Social distancing cuts crime

Valley News Staff Writer
Published: 4/2/2020 9:17:41 PM
Modified: 4/2/2020 9:17:30 PM

HARTFORD — As many Upper Valley residents finish up their second week of isolation amid the novel coronavirus pandemic, police say they’re beginning to see a reduction in criminal activity.

But, despite the downturn, some worry that the weeks ahead might see a spike in more violent cases at home.

Vermont Gov. Phil Scott and New Hampshire Gov. Chris Sununu both issued stay-at-home orders last week to prevent the spread of COVID-19. The orders closed down all non-essential businesses in the area and required people to stay at home unless traveling for essential purposes.

Since then, Hartford Police Chief Phil Kasten said his department has experienced fewer calls overall.

Over the past two weeks Hartford police received 132 calls, which is significantly less than the 211 calls they received during the same two-week period in 2019, Kasten said. Even during a winter storm last week –— an event that usually garners a “significant number” of calls about car accidents — the department received only two, he said.

And the nature of the calls has shifted as well.

“As people have begun to police themselves, we’re seeing fewer calls regarding altercations, disputes, disturbances and even people in crisis,” Kasten said Wednesday.

He said police are trying to keep criminal activity to a minimum, by “increasing presence and visibility” around the stores that are still open, the neighborhoods where people might be cooped up at home and high-risk intersections.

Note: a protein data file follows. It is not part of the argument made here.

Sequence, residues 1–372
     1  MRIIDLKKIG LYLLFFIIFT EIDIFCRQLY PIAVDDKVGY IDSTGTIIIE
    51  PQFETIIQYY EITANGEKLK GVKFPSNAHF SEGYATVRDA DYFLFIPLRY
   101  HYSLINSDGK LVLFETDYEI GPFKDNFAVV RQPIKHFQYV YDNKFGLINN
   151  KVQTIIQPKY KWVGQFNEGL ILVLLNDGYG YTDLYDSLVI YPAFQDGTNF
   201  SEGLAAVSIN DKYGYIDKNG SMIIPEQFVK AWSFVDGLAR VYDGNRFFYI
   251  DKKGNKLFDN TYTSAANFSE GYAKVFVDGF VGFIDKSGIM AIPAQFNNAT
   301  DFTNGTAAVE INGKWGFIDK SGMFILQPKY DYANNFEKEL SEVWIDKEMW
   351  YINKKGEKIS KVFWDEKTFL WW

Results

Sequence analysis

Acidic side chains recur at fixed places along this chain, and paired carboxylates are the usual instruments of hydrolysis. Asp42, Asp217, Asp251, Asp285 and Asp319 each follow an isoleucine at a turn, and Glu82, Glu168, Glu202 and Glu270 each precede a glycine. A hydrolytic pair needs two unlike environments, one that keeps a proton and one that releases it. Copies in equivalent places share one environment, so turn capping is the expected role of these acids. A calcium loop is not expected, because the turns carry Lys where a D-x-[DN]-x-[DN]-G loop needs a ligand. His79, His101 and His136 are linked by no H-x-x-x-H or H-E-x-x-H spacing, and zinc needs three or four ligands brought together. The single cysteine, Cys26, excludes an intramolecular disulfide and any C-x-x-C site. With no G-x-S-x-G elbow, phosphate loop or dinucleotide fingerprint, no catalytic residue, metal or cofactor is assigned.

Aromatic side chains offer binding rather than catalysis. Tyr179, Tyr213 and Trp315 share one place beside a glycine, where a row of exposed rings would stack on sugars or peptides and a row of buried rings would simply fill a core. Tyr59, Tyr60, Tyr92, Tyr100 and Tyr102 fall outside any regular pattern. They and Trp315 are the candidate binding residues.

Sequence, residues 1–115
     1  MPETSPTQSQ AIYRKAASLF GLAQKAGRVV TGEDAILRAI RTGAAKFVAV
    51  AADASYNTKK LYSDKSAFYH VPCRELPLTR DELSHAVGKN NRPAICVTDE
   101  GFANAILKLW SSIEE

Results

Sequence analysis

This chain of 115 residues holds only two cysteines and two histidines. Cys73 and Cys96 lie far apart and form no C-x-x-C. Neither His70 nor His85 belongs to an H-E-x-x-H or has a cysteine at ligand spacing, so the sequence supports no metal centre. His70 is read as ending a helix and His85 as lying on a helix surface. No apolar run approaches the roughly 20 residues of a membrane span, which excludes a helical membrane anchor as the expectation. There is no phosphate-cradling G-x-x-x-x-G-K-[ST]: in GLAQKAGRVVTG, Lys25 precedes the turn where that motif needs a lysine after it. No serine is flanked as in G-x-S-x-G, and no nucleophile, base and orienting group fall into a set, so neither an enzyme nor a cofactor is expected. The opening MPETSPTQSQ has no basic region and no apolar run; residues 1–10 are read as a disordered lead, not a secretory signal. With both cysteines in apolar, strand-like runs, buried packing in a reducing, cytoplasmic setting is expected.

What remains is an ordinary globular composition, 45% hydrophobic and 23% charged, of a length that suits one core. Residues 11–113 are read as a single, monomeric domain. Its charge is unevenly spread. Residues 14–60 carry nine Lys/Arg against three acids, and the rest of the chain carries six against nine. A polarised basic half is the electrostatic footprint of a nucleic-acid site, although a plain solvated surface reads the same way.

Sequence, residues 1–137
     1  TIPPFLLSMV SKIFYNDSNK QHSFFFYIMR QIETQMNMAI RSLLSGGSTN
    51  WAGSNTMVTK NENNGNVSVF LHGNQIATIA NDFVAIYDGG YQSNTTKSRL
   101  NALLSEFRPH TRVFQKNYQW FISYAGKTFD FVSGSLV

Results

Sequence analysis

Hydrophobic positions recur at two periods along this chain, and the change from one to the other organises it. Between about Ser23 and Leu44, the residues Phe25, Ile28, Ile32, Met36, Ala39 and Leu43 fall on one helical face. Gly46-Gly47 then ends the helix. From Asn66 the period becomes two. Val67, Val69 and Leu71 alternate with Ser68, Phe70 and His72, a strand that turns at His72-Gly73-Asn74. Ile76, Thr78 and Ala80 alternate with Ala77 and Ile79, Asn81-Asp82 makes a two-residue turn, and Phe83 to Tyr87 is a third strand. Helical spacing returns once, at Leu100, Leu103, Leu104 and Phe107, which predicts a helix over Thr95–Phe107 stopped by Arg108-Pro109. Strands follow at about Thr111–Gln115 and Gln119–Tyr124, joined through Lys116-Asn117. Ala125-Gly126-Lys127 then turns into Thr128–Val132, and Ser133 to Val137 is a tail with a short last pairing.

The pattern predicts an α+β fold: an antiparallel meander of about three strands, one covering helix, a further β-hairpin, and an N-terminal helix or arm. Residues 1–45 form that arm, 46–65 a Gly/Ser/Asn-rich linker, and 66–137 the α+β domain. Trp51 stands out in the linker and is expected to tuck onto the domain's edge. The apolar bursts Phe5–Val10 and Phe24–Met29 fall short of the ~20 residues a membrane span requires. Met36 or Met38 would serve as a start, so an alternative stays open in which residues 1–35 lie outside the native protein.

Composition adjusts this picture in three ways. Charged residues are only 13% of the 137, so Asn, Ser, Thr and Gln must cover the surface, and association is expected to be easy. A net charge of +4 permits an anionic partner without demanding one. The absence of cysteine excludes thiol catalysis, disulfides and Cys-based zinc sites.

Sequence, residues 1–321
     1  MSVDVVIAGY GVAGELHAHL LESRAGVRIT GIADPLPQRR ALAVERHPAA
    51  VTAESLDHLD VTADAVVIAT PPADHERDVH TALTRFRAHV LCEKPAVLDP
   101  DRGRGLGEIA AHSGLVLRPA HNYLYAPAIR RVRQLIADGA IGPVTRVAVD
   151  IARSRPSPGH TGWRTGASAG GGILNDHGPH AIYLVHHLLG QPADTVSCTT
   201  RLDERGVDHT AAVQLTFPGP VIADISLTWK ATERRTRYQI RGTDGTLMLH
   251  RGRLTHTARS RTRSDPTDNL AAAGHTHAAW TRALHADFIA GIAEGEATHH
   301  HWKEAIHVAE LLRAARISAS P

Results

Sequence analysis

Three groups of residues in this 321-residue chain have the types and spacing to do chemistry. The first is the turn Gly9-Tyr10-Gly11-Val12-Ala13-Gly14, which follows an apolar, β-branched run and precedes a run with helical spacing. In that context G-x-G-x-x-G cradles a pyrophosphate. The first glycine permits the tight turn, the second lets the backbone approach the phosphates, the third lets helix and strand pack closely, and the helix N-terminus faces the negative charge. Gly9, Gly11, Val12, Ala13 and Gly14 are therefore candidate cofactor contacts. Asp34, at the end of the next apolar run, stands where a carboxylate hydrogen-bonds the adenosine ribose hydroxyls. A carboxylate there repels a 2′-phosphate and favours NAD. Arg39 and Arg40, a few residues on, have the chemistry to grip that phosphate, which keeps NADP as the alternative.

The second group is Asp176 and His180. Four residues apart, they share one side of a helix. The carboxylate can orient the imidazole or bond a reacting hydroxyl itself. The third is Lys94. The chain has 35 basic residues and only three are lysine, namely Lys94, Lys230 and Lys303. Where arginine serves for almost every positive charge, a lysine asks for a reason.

In New Hampshire, Lebanon Police Chief Richard Mello said he is beginning to see a similar trend.

“It’s a little quieter out there. There’s less opportunity for crime,” he said.

Like Kasten, Mello said his officers are trying to increase their presence in the areas of the city that are still highly trafficked, such as the rail trails, and the Route 12A corridor, which Mello said has “groups of people congregating” at spots like Walmart and the grocery stores.

The reduction in crime may be due to several factors, according to Sullivan County Attorney Marc Hathaway, who noted that his office has also experienced a similar trend.

He said some police departments are focused more on “exercising discretion” when it comes to pursuing lower-level offenses, but the larger reason could just be that residents themselves are trying to cut down on activity.

“Our community members are rising to the challenge and treating each other well,” he said.

While the response so far has been largely positive, police and prosecutors are concerned that the longer the isolation directives stretch on, the more they may see calls about domestic violence incidents.

“We’re concerned for people who are not able to leave abusive relationships because they feel like they’re additionally trapped because of these orders,” said Windsor County State’s Attorney Ward Goodenough.

He said his office has been working with WISE Upper Valley, a nonprofit that gives support to victims of domestic violence, on prepations for a potential uptick in domestic cases.

Peggy O’Neill, executive director of WISE, said the organization is bracing for the increase, which she said is likely after families are confined in a home together.

“What survivors are telling us is that it’s harder to predict the behavior of their abusers,” she said.

But the group is also concerned that some of the resources survivors seek out — like coffee shops and libraries, which have phone and internet access — are no longer available to them during the isolation. As a result, it may be harder for survivors to get help from WISE or from other family and friends.

O’Neill said the organization is still fully staffed throughout the day, and they’re working on “additional access for remote advocacy.”

But for WISE, police, and many others, the long-term effects the isolation may have on domestic cases — and other violent crime — has yet to be seen.

“I think we’re still in the early stages as to the disruptions we’ll see from COVID-19,” Goodenough said.

Anna Merriman can be reached at or 603-727-3216.

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